I have been lucky to have been involved with a number of growing practices, including two from inception. I’m most proud to have helped grow them and to have seen those that I have worked with over the years go on to become senior practitioners in their own right.

Who's Who Legal Thought Leaders - Investigations

Dominic Wreford is the EMEA leader of Duff & Phelps’ disputes practice. Dominic has undertaken forensic accounting and dispute work on a full-time basis since 1997. He has particular expertise in high-value disputes, often involving substantial investigation elements, in a wide variety of industry sectors, including: technology, construction, telecommunications, energy, financial services, professional services, insurance, pharmaceuticals, public sector/government and shipping. Dominic has often given evidence in both the UK High Court and at international arbitration.

WHAT DO YOU ENJOY MOST ABOUT WORKING IN THE FIELD OF INVESTIGATIONS?

Unlike a lot of my work in the area of assessing commercial loss and economic damages, which regularly use hypothetical counter-factuals, often the output of a financial investigation is more definite. It is akin to starting with the pieces of the jigsaw but presenting the finished picture – I find it very rewarding when we manage to pull together disparate items of information into a coherent whole.

WHAT IS THE IDEAL PREPARATION WHEN IT COMES TO GIVING EXPERT EVIDENCE?

Investigation work in the context of a dispute tends to differ from the assessment of economic loss in that the team is often larger and may be geographically more disparate, coupled with challenges associated with multiple languages in which the expert may have little personal fluency. However, being closely involved in the work as it has progressed will always assist in preparation for evidence – as will considering throughout what contrary opinions or approaches may be possible. This will not only strengthen the investigation itself but will also, of course, demonstrate independence of opinion and thought.

HOW HAS THE CONCEPT OF WHAT CONSTITUTES AN INVESTIGATION CHANGED SINCE YOU BEGAN YOUR CAREER? IN PARTICULAR, WHAT IMPACT HAS THE INCREASING USE OF TECHNOLOGY AND BIG DATA HAD ON TRACING AND ISSUES OF IDENTIFICATION IN INVESTIGATIONS?

It may seem remarkable now, but in my first investigation, we undertook much of our analysis using pencil and paper. A lot of time and effort was needed to ensure that source data was properly referenced as, in document-heavy investigations, it was certainly possible to identify key information only to find that a mistaken reference meant that the proverbial needle had to be found again. This was also true when an investigation changed course and one had to relocate documents that were previously thought to be irrelevant.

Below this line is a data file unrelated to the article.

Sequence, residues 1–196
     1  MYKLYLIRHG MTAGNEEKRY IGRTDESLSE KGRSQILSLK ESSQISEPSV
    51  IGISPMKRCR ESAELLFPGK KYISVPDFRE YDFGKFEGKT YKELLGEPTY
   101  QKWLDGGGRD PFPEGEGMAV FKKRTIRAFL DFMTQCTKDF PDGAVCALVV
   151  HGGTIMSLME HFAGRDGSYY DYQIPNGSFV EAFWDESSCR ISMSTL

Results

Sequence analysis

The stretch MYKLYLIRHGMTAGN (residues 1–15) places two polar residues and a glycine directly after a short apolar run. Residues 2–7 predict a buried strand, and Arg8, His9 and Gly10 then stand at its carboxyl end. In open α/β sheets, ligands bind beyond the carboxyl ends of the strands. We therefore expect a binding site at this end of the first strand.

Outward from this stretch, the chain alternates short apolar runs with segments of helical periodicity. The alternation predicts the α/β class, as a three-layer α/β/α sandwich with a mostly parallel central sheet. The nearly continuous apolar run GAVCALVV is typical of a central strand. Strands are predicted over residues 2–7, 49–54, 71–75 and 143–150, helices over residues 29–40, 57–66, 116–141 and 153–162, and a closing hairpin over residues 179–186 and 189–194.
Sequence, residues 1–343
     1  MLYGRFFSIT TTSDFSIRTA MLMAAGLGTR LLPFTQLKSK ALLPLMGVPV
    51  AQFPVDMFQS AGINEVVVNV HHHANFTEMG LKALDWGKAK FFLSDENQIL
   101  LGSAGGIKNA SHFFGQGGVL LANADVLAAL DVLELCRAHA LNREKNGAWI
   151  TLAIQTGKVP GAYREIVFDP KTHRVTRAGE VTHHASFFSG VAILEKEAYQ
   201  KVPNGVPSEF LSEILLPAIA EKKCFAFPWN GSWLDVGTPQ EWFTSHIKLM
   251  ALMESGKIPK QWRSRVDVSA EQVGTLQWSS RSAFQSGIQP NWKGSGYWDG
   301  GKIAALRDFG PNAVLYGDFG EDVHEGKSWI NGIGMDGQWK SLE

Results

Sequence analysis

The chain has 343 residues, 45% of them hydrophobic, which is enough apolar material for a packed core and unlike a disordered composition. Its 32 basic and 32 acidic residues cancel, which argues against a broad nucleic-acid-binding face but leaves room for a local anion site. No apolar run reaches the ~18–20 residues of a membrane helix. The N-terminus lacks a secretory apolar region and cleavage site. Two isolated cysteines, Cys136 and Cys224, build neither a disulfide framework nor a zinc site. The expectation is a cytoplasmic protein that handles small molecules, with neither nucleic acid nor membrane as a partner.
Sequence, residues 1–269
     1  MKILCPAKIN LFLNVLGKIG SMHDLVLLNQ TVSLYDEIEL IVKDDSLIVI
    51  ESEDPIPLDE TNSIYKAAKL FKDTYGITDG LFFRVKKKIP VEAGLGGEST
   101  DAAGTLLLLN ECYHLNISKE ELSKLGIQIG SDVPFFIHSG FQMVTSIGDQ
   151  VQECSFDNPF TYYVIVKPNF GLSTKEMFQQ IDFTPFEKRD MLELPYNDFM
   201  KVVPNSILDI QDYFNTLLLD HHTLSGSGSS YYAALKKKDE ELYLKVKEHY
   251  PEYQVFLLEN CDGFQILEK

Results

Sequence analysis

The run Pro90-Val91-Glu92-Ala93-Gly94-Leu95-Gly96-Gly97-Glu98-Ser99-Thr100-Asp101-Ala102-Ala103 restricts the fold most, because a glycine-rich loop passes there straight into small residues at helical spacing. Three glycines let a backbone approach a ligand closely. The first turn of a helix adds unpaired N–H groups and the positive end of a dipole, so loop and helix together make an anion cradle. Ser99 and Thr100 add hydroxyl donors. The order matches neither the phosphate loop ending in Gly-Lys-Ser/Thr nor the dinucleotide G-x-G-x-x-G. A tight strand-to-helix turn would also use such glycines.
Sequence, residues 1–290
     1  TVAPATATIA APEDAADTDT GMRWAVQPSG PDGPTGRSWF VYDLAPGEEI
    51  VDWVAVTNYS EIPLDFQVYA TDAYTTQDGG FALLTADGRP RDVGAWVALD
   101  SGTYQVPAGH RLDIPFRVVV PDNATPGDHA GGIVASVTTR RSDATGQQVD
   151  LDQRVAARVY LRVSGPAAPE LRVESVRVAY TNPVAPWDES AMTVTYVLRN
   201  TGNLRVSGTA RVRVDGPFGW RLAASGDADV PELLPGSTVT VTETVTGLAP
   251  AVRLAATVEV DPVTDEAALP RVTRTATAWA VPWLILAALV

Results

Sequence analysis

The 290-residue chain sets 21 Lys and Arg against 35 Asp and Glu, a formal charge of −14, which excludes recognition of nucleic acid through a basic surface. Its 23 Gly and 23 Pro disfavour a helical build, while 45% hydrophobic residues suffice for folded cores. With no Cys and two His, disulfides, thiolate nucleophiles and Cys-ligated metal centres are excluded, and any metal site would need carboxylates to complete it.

Now we see and manipulate datasets involving hundreds of millions of transactions, with some matters involving millions of documents. The ability to use technology to search across both structured and unstructured data is a prerequisite but brings new challenges to the investigator in managing the output of such searches and ensuring the results are representative and meaningful.

WHEN IT COMES TO INVESTIGATIONS CAPABILITIES, WHAT MAKES DUFF & PHELPS STAND OUT FROM THE MARKET?

We recently acquired Kroll – a name synonymous with complex investigations around the world. Now that this team has been added to the pre-existing capabilities we had at Duff & Phelps, we have a physical footprint in 28 countries, together with coverage and deep experience of undertaking sensitive and far-reaching investigations around the world. We also have one of the largest groups of experienced, testifying experts of any firm. The combination of these skill-sets on this scale is a very powerful proposition.

HOW DOES AN EXPERT WITNESS ENSURE THAT THEY REMAIN INDEPENDENT DESPITE THE CLIENTS’ DESIRE FOR A SPECIFIC OUTCOME?

This is an occasional issue that doesn’t arise as much in commercial disputes. There the involvement of outside counsel, who are usually well versed in the role of the expert witness, helps the client understand the requirements on an expert. Where such pressures arise, in my experience, is in instances where a client seeks to use the results of an investigation, which was conducted on a narrow area for very particular reasons and possibly never in anticipation of legal proceedings, for a much broader, more litigious purpose.

However, I would suggest two key points: first, awareness and second, education. By awareness, I mean that if the investigator is aware that the matter may move into an expert witness phase then they can keep the need for independence front of mind throughout – this will help avoid pitfalls later on. By education, I consider that, while a client may apparently desire a specific outcome, they also typically desire a robust and reliable investigation. Educate them that the independence of approach of the investigator is not contrary to this and, indeed, is very much aligned.

WHAT ADVICE WOULD YOU GIVE TO ASPIRING PRACTITIONERS IN THIS SPACE?

There is nothing that replaces learning from experienced practitioners. In particular, if someone aspires to be at the nexus of investigations and expert witness work, then I would suggest they seek out organisations that undertake both. As part of that, try to become a part of a team on a matter that goes to court – experience, even vicariously, what it is like to be an expert witness. It can be a very rewarding role but it isn’t for everyone.

YOU HAVE ENJOYED A SUCCESSFUL CAREER OVER THE LAST TWO DECADES. IS THERE ANYTHING YOU FEEL THAT THERE IS STILL LEFT TO LEARN?

There is always something to learn or skills to improve. Data sets are still increasing – how does the investigator stay on top? Predictive coding is generating a lot of interest in the e-disclosure arena – but to what extent can algorithmic approaches assist the financial investigator and, when that investigation reaches a litigation stage, how far can the expert opine on what, of that algorithmic approach, is within their expertise. As an example, in the financial services world, there are reports of some anti-fraud algorithms flagging transactions where a non-mathematician is unable to understand the reasons the algorithm triggered a review. This doesn’t matter so much if it introduces an extra layer of checks for the bank’s customer but does matter for the expert witness if they don’t possess the requisite skill-sets to explain to the court why data is considered anomalous.